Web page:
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“The seashore, with its endlessly changing tides, is one of the most fluctuating physical environments on the planet. Home to an abundance of animal and plant life, it is also one of the richest habitats the naturalist can explore. Here in Britain, we are fortunate to have a long and varied coastline, and our relatively large tidal ranges mean that our seashore offers a wide range of coastal habitats, including mud, sand, shingle and rock.”

Gulls cover

Gulls, John C. Coulson

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“There are more than 50 known species of gulls, and many of these are well-adapted to living in urban areas and in close proximity to humans. But there are also less familiar species to discover, which keep their distance from beachgoers. This long-overdue addition to the New Naturalist library explains the thorny issues of gull taxonomy and classification, then introduces readers to what it means to be a gull, physically and genetically. Chapters are divided by larger gull groups, and within these, distribution, lifecycles and behaviours are examined, as well as acclimation to the human world. Colour photography throughout offers ample opportunity to get a sense of the variation within the gull group, and makes this book a pleasure to look through.”

Woodlands cover

Woodlands, Oliver Rackham

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“Aimed at the non-specialist, ‘New Naturalist Woodlands’ investigates what woods are and how they function. In lively style, Rackham takes us through:

• How woods evolved and how they are managed
• The basic botany (understanding roots, partnerships, longevity, tree rings)
• Outline of woodland history
• Pollen analysis and wildwood
• Archives of woodland and how to study them
• Different types of woodland
• The rise and fall of modern forestry.”

Southern England cover

Southern England, Peter Friend

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“Most people share an enthusiasm for beautiful and breathtaking scenery, explored variously through the physical challenge of climbing to the top of the tallest mountains or the joy of viewing the work of a painter; but while easy to admire from a distance, such landscapes are usually difficult to explain in words. Harnessing recent developments in computer technology, the latest New Naturalist volume uses the most up-to-date and accurate maps, diagrams and photographs to analyse the diverse landscapes of Southern England.”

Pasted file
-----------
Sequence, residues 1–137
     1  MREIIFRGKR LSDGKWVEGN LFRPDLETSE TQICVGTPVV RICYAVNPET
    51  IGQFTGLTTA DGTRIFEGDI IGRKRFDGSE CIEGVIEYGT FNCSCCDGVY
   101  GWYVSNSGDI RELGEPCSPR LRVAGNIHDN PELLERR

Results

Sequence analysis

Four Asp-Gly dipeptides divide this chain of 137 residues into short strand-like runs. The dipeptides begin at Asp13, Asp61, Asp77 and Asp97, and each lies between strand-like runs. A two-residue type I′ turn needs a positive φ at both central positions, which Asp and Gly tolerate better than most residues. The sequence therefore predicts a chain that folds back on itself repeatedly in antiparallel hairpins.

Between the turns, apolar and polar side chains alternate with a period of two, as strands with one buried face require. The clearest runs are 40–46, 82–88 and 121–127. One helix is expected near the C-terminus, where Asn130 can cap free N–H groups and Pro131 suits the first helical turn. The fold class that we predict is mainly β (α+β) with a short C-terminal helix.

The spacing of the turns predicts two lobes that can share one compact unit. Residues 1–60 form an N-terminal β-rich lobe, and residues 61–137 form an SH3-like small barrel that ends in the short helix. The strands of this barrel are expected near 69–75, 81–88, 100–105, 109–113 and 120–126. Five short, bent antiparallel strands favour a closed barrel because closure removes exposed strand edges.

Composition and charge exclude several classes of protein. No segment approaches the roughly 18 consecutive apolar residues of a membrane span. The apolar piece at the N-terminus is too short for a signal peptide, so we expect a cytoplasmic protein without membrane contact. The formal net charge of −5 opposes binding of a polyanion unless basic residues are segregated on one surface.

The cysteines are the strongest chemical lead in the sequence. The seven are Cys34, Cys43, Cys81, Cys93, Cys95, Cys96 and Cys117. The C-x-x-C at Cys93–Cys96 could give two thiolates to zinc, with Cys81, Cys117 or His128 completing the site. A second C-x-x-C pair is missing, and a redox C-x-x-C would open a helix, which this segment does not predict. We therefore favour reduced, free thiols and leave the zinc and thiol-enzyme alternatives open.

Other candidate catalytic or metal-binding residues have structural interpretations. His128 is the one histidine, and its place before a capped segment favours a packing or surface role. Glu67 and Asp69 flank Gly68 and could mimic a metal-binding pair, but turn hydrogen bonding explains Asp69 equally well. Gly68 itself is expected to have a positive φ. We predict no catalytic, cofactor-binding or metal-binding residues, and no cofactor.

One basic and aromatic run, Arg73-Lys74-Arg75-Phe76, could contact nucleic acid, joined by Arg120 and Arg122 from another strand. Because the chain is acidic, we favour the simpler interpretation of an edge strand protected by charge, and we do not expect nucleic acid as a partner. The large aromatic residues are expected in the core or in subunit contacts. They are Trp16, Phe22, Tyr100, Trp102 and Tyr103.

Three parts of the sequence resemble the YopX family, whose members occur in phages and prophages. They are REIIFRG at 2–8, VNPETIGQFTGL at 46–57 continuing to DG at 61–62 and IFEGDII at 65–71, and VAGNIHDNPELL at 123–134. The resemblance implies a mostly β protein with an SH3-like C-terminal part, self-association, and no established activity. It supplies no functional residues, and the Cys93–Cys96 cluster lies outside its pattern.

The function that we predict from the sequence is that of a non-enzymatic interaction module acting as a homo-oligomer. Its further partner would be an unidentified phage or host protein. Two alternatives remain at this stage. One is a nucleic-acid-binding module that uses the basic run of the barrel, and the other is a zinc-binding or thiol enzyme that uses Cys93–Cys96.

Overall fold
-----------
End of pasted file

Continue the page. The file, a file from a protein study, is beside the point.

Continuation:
the broads cover

The Broads, Brian Moss

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“Broadland is set mostly in Norfolk and partly in Suffolk. The peat deposits in Broadland were dug in many places mainly during the 9th to 13th centuries. The pits eventually filled with water, giving us the Broads, 190 km of navigable water unimpeded by dams or locks.

Before the Second World War, Broadland was the epitome of richness of water plants and their associated animals, and was of international importance as a diverse wetland. Sadly, much of the richness has now gone, and the significance of Broadland lies more now in its significance in environmental restoration. The problems faced by the Broads are being experienced world-wide, and devising ways in which the Broads may be managed to restore the previous richness has produced a strategy of value throughout the world.”

Hedgehog

Hedgehog, Pat Morris

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“In a worrying development, the hedgehog’s plight appears to be worsening, with a new survey revealing a further decline in garden sightings. Their long-term but poorly understood decline is attributed to the loss and fragmentation of their habitat in Britain’s towns and countryside, death on roads, and intensive farmland that provides few good foraging or nesting sites. In this timely addition to the New Naturalist Library, Pat Morris provides a comprehensive natural history of this most elusive of mammals.”

Farming and Birds cover

Farming and Birds, Ian Newton

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“More than seventy per cent of Britain’s land surface is currently used for crop or livestock production, and in recent decades farming has experienced a major revolution. Not only has it become more thoroughly mechanised, it has also become heavily dependent on synthetic fertilisers and pesticides, and increasingly large-scale in its operation. These changes have brought crop yields and livestock production to levels previously considered unattainable. However, such high yields have been achieved only at huge financial and environmental costs. One of the most conspicuous, and best documented, consequences of modern agriculture has been a massive loss of wildlife, including birds.”